The National Catholic Review
Thirty-third Sunday in Ordinary Time (B), Nov. 19, 2006
“But of that day and hour, no one knows, neither the angels in heaven, nor the Son, but only the Father” (Mark 13:32)

We are coming close to the end of one church year and the beginning of another. Next Sunday is the feast of Christ the King, and the following Sunday is the first Sunday of Advent. On these Sundays the Scripture readings lead us to consider “the last things” or what is often called “eschatology.” In the biblical context eschatology includes the resurrection of the dead, the last judgment, rewards and punishments and the fullness of God’s kingdom.

 

One way to grasp how the New Testament approaches eschatology is to use the terms “already” and “not yet.” Applying these terms to today’s Scripture readings can help us to understand a difficult topic and to reflect on how it might have an impact on how we think and live as Christians.

An excellent statement of what “already” means in the context of New Testament eschatology comes in today’s reading from Hebrews 10. There the author first contrasts the many sacrifices offered by Jewish high priests in the Jerusalem temple with the one perfect sacrifice offered by Jesus in his death on the cross. Whereas their repeated sacrifices failed to take away the sins of the people (otherwise they would not have kept offering them), Jesus “offered one sacrifice for sins and took his seat forever at the right hand of God.” Most of Hebrews is an extended meditation on the significance of Jesus’ death and resurrection for us. It describes Jesus both as the perfect sacrifice for sins (perfect in that it achieved its goal) and as the great high priest (in that he willingly offered himself). His sacrifice made possible the forgiveness of sins and a new relationship between God and humankind. This new relationship is what we can enjoy through Christ already.

The “not yet” refers to the fact that the new relationship with God through Jesus’ death and resurrection represents the inauguration or anticipation of the future coming of God’s kingdom in its fullness. Paul used metaphors such as pledge, down payment and first fruits to describe the “already” dimension. He and the other New Testament writers insisted that the fullness of God’s kingdom remains in the future as “not yet.”

The “not yet” dimension is rooted in Jewish apocalypticism and is well illustrated by today’s reading from the Book of Daniel 12. At the end of a long, detailed reflection on ancient Near Eastern history from the sixth to the second centuries B.C., this short passage describes the “great tribulation,” the resurrection of the dead and the divine judgment with its rewards for the wise and righteous and punishments for the foolish and wicked. This scenario includes the earliest indisputable description of the resurrection of the dead contained in the Old Testament. By the time of Jesus and the New Testament writers this scenario was taken for granted in many Jewish circles. It underlies the “not yet” element in early Christian texts.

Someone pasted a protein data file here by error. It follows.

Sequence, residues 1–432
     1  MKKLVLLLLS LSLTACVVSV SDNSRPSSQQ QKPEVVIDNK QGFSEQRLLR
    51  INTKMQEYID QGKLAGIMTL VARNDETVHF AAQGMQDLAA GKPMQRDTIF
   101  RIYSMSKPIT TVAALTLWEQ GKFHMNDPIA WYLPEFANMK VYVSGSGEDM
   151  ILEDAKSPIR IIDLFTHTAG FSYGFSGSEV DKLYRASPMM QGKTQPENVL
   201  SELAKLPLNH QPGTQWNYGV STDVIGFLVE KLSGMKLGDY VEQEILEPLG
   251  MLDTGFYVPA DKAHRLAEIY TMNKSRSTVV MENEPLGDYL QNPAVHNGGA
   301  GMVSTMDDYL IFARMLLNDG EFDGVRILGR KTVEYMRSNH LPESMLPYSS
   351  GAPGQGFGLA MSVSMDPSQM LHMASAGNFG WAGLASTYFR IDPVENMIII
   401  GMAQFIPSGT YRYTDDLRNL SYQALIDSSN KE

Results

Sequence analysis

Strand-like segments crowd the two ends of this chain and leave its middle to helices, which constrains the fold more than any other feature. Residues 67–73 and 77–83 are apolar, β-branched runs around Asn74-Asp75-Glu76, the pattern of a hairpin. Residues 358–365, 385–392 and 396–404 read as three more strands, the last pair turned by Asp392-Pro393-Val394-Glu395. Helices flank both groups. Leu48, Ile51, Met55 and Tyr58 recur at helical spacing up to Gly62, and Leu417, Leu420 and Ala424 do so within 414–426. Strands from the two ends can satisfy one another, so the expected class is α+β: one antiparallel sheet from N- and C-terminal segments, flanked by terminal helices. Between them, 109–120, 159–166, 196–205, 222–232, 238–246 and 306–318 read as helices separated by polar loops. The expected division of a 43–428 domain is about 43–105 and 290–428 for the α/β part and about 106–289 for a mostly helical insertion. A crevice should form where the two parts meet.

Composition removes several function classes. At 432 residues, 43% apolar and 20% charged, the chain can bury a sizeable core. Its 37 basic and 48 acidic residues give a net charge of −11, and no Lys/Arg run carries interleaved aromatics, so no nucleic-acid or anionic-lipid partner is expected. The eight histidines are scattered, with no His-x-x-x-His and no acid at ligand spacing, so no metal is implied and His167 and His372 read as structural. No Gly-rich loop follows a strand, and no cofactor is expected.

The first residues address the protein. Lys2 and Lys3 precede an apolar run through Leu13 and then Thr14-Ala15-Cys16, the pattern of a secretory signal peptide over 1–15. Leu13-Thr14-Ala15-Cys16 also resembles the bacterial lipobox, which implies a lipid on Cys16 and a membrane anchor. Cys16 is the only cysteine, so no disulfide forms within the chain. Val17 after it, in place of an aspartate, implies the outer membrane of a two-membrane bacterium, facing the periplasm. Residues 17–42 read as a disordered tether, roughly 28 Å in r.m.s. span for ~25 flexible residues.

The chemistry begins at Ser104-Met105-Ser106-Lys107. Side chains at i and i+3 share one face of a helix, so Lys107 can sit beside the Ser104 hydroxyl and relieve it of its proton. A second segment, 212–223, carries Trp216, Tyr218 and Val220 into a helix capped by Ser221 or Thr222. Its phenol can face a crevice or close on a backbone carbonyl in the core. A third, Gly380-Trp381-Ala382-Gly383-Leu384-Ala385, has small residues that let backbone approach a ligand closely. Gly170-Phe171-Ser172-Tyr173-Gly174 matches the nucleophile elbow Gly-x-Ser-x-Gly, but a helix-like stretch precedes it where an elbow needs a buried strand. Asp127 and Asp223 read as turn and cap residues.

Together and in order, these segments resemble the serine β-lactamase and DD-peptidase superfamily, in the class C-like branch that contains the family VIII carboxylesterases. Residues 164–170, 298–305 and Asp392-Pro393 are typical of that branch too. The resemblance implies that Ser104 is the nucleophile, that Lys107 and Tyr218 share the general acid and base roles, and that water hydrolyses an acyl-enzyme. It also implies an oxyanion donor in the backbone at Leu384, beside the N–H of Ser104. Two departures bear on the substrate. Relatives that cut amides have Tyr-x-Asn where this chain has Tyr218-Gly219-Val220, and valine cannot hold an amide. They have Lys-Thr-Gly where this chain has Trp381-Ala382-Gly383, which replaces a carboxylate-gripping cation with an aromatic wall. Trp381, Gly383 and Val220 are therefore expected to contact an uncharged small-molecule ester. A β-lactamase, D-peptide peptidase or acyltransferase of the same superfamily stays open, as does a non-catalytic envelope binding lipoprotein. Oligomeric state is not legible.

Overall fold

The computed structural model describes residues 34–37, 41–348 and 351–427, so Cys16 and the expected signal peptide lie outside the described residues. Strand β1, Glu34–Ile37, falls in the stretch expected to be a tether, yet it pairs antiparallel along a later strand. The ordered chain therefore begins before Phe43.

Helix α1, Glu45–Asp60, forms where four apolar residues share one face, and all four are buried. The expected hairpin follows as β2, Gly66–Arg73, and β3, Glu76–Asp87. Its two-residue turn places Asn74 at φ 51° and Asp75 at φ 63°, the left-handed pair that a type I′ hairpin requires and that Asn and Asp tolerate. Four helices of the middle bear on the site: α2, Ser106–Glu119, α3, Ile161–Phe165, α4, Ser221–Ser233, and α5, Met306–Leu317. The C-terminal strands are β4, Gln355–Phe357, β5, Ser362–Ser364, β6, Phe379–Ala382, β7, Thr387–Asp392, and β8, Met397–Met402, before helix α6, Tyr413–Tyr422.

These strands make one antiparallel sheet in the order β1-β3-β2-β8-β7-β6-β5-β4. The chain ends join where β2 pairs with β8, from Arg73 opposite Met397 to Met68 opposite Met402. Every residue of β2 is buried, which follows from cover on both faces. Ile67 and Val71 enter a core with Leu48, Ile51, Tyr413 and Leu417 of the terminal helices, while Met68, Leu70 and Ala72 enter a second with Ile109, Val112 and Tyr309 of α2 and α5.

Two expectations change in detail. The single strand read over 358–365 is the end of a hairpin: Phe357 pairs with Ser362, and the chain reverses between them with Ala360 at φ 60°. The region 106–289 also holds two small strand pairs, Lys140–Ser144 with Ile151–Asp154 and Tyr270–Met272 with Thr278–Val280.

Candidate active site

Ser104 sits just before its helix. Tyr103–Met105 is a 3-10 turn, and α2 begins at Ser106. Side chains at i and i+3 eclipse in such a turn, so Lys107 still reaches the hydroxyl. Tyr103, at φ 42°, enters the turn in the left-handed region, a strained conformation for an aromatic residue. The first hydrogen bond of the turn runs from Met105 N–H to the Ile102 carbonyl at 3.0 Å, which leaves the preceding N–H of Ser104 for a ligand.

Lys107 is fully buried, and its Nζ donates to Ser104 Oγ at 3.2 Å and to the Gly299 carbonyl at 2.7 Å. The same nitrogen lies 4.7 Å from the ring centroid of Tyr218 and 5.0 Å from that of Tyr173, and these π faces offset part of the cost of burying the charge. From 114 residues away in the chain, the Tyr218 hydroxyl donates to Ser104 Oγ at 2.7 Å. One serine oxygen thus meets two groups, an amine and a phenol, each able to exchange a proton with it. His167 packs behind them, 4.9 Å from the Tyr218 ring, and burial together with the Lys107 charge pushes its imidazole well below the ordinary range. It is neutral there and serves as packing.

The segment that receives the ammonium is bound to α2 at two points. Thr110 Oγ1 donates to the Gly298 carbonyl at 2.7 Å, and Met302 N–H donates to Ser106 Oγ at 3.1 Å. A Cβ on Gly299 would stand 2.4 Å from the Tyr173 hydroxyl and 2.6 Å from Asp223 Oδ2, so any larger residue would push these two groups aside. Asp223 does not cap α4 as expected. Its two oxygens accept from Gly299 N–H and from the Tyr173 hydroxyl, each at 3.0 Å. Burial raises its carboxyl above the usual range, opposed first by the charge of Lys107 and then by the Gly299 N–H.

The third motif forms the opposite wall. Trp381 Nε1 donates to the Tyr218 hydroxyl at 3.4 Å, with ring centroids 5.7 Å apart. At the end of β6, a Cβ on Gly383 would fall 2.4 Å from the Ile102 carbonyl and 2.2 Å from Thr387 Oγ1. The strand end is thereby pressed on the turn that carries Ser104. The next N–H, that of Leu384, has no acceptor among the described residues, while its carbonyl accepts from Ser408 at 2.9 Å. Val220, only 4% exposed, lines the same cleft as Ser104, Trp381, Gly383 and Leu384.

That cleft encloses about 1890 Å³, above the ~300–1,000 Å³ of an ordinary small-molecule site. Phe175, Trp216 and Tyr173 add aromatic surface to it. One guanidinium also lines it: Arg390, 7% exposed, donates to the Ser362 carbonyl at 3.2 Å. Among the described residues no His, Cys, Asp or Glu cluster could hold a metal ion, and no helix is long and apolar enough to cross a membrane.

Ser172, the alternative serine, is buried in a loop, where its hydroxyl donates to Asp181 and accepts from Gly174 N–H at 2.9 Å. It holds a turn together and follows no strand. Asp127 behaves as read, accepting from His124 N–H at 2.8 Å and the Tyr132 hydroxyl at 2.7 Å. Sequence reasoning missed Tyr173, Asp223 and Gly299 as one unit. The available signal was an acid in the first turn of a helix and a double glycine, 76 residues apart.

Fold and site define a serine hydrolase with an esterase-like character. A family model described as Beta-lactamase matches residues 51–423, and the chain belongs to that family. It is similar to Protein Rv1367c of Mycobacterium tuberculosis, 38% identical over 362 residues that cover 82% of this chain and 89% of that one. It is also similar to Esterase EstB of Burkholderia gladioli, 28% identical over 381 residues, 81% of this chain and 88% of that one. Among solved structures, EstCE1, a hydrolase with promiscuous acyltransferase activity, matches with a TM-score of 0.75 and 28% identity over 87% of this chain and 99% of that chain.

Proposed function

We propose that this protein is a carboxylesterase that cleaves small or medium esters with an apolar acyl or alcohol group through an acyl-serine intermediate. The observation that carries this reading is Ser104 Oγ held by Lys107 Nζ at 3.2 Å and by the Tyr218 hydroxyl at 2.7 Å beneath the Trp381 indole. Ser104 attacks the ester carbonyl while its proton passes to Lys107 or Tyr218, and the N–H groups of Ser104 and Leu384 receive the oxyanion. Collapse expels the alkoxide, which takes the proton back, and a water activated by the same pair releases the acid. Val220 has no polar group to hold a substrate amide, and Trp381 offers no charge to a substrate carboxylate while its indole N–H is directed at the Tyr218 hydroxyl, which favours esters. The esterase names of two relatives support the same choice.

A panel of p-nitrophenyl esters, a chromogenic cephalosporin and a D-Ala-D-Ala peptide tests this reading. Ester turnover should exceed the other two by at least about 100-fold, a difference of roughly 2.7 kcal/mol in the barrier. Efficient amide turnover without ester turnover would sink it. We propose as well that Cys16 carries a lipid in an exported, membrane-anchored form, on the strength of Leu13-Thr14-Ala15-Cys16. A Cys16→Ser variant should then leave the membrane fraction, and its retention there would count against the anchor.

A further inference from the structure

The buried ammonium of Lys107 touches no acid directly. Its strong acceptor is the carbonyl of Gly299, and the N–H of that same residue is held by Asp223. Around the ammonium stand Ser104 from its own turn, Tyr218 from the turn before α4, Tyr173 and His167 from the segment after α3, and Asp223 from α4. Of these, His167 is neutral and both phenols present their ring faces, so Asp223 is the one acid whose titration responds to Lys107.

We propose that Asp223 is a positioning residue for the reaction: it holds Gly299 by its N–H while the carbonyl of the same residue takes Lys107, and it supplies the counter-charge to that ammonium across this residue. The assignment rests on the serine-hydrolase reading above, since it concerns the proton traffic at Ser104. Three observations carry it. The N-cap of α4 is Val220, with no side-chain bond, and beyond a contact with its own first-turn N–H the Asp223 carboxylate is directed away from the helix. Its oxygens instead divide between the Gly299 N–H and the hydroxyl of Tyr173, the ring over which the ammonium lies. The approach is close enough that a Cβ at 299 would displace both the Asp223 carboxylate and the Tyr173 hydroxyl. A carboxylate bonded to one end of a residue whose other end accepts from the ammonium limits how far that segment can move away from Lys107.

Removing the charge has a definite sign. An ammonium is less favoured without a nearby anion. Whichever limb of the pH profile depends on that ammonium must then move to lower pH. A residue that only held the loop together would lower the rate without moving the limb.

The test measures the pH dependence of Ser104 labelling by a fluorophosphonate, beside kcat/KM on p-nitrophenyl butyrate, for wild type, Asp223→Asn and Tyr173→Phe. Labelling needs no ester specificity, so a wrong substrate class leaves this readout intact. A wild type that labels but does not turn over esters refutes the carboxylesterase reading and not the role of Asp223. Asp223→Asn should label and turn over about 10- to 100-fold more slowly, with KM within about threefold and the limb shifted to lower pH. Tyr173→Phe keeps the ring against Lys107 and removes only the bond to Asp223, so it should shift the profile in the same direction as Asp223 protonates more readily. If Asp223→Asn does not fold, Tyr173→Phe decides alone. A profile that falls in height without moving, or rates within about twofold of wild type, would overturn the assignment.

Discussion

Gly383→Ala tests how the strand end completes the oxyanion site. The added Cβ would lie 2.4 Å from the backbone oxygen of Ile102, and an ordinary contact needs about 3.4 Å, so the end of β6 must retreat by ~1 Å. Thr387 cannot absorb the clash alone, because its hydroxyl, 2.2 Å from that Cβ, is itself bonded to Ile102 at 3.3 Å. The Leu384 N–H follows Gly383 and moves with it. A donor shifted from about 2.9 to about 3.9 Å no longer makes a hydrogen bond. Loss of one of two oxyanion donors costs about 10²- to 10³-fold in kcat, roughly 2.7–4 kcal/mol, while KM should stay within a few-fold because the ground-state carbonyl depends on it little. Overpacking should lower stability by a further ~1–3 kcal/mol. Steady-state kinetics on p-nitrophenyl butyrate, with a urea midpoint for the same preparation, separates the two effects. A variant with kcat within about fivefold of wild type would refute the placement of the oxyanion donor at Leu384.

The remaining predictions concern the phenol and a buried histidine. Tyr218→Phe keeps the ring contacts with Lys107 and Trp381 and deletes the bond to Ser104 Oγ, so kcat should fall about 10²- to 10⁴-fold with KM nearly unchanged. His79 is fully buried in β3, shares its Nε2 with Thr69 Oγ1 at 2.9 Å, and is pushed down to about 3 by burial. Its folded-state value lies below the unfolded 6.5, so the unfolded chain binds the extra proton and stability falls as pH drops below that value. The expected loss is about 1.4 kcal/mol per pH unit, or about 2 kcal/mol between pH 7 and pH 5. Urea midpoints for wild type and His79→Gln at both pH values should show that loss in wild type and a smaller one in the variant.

The “not yet” theme is also developed in today’s selection from Mark 13, which is part of Jesus’ eschatological discourse. The text offers a picture of the end of the world as we know it and the last judgment. It uses images from various parts of the Old Testament, especially from Daniel 7, to depict these events and the coming of the Son of Man in glory. It also warns us to be attentive to the signs of the so-called second coming of Jesus, and it ends with a reminder that no one knows its exact day or hour.

What does the “not yet” mean for us? How should it affect our faith and lives? In Mark 13 and the other versions of Jesus’ eschatological discourse in Matthew 24–25 and Luke 21, the apocalyptic scenario is followed by sayings and parables that urge readers to be always on guard, vigilant and watchful. We are to act always as if the Son of Man were to come very soon. We are to conduct ourselves always as if we were to face our judgment in the next moment. This is not a stance of anxiety or fear. Rather it is a stance of hope, trust and confidence that what God has begun in Jesus’ life, death and resurrection (the “already”) God will surely bring to a glorious completion in the future (the “not yet”).

The terms “already” and “not yet” capture the New Testament dynamic of eschatology. Through Jesus’ death and resurrection we have already been freed from domination by sin and death and freed for life in the Holy Spirit. And so we can now stand beside Jesus and address God as “Our Father,” as we look forward in hope for the fullness of God’s kingdom. As we live between the times of the “already” and the “not yet,” we continue to pray “Thy kingdom come!”

Daniel J. Harrington, S.J., is professor of New Testament at Weston Jesuit School of Theology in Cambridge, Mass.

Readings: 
Readings: Dan 12:1-3; Ps 16:5, 8-11; Heb 10:11-14, 18; Mark 13:24-32
Prayer: 

• How might you describe the “already” dimension of Christian life achieved through Jesus’ life, death and resurrection?

• How literally do you take the apocalyptic scenarios in Daniel 12 and Mark 13? How do you understand them?

• In what sense is the Our Father a prayer for the full coming of God’s kingdom?